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ZOMBIE ATTACK: An artist's impression of what the Gold Coast might look like after a zombie attack.

ZOMBIE ATTACK: So where's the safest place in Australia?

News Corp Australia

HOW would you survive a zombie attack?

Run for the hills?

Move in with the mother-in-law, thinking who would want to take her on?

Or perhaps do the smart thing - and dress like them and try to blend in.

According to new research released today - yes apparently someone actually did study this - in the highly unlikely event of a zombie outbreak, Perth would be the fastest to succumb with nearly 100,000 people infected in the first four days.

It's not surprising that people in Darwin would be the most likely to survive.

After all, they battle crocodiles all year round so what's a few zombies to combat?

Seriously, the reasoning is that a flesh-eating disease would spread at half the rate of the west coast.

The consumer research was commissioned by Xbox Australia, in collaboration with the University of Melbourne's Centre for Disaster Management and Public Safety (CDMPS).

The idea was to model the fictitious spread of disease throughout Australian cities, marking the launch of new video game State of Decay 2, which is out today.

State of Decay 2 puts players in control of a community of survivors where you decide how to rebuild after the zombie apocalypse begins.

 

How would Melbourne cope with a zombie attack?
How would Melbourne cope with a zombie attack?

The modelling gives major cities across Australia and New Zealand 'Zombie Survival Index' (ZSI) rankings, based on how well they would handle a life-altering outbreak.

The safest city is Darwin, followed by Queenstown in New Zealand, Melbourne, Sydney, Perth and Auckland, which claims the title of the most dangerous city in Australia and New Zealand, should an outbreak occur.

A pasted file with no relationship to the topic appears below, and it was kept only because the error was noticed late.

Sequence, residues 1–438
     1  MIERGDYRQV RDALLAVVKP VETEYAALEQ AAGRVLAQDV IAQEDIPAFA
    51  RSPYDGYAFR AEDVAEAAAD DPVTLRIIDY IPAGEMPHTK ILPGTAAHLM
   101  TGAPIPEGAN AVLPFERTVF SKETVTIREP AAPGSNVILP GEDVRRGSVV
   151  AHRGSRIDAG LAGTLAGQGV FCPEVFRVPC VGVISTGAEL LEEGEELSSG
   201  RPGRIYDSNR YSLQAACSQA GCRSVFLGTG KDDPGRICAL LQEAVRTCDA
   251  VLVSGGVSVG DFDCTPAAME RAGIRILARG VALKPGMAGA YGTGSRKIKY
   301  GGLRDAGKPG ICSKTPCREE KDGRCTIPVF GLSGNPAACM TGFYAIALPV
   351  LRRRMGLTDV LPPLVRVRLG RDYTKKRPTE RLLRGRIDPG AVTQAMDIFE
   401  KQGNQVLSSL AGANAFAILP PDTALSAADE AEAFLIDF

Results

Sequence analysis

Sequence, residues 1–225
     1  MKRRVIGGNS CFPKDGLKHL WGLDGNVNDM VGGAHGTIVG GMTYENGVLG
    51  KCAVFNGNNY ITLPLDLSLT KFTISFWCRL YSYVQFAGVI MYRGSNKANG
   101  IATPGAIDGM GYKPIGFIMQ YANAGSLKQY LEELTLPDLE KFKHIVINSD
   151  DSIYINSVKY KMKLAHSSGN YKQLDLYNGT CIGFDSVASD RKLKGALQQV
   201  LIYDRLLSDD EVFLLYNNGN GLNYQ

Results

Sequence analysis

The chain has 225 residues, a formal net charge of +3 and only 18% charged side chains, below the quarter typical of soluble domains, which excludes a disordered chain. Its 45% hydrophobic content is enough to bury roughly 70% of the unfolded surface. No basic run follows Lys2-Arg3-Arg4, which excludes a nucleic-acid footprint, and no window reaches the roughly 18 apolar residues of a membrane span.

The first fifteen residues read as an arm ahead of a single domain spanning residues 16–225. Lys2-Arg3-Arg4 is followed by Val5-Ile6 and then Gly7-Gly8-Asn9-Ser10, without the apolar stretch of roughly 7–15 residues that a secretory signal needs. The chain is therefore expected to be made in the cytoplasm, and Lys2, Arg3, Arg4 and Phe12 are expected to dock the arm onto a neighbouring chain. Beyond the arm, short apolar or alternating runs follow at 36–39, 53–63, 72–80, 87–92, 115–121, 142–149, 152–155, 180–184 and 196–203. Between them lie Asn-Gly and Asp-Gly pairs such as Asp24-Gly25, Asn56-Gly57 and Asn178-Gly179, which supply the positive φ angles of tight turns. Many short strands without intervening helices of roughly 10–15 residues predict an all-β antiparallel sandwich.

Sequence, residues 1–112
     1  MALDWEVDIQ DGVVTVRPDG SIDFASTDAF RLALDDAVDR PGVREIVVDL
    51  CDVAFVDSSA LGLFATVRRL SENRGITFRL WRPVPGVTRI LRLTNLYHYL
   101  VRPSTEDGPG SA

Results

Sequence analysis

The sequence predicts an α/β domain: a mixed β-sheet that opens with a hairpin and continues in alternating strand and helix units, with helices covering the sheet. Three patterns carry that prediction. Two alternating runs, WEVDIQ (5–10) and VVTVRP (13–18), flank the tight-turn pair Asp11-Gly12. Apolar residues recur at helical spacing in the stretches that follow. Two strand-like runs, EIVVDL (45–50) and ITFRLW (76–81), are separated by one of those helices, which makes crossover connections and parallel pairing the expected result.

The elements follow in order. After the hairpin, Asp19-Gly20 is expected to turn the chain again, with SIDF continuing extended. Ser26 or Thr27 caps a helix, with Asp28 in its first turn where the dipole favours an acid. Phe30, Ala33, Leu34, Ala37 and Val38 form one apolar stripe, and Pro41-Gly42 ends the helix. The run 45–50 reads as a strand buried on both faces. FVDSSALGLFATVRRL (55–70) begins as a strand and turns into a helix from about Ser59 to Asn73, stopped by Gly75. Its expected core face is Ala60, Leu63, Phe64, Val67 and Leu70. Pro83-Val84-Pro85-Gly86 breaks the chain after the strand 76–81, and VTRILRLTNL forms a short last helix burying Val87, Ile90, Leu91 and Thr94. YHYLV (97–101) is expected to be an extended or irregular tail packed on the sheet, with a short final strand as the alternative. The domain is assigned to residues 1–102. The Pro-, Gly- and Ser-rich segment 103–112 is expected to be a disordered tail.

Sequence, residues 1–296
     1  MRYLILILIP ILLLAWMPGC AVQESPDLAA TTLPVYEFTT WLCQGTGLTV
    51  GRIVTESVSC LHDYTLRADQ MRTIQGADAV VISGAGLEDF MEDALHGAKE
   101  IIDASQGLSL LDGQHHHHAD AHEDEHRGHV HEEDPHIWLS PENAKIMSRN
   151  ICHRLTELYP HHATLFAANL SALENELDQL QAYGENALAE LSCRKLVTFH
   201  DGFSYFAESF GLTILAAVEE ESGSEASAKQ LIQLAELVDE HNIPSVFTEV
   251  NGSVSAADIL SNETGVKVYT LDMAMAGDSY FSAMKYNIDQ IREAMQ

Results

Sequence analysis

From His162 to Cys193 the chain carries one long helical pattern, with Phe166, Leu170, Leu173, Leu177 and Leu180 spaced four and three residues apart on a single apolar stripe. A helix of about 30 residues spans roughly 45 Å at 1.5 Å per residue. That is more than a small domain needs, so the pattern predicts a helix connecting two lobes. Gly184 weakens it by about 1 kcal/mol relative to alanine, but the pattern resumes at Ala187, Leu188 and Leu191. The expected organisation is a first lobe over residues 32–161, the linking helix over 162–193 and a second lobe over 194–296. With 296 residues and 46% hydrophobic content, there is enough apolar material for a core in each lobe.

With less than one in five (18 per cent) Aussies confident society could withstand such a threat, an outbreak could well bring out the very worst in society, the study found.

Many might resort to drastic behaviour just to survive. You know, the pitchfork variety.

 Most respondents admitted they would sacrifice a neighbour to the walking dead over their family pet.

Less than one in three would invite a fellow resident to take shelter in their home in the event an outbreak.

You can bet that refugees from overseas wouldn't stand a chance of hospitality.

Sydneysiders were the most confident of survival, with 40 per cent of residents believing they have what it takes to survive.

They've had to in the housing market for years.

The least confident city was Adelaide with only 30% of residents believing they would survive the outbreak in the city of churches.

The ZSI rankings were estimated by the CDMPS based on a variety of criteria, including the potential rate of zombie infection, situational analysis of the infection's origin, how the disease would spread, how residents claim they would act, and how well each city would defend themselves against the walking dead and geographical location.

"Our best chance of survival would be to contain an outbreak early by overpowering and removing zombies from the streets while they were still few in numbers,'' Prof. Greg Foliente of the Centre for Disaster Management and Public Safety said.

"We would have the best chance of survival if the outbreak began in Darwin, with its isolated location restricting its ability to travel easily, coupled with 50 per cent of residents claiming they would take arms to defend themselves against the walking dead - the highest in the country."

The consumer research also suggested that in the event of an outbreak:

• Melbournians would be most likely to tackle the problem together; seeing higher chances of survival as part of a large group

• Family matters most in Hobart, with 40 per cent choosing to stick with their family over other survivors

• A lack of food and water would be our biggest concern (50 per cent), with over half the Queensland population identifying this as their biggest worry

• Aussies ages 45 and above were 19 per cent more likely to go it alone than those younger than them

• Darwin would be the most inviting city, with 50 per cent of residents willing to let a stranger into their home for protection, compared to just 19 per cent in Adelaide

• Nearly one in five (17 per cent) would attempt to dress/act like a zombie to avoid detection and infection, while 3 per cent would hide under the bed

• A hospital was deemed the preferred shelter for most of the population (31 per cent).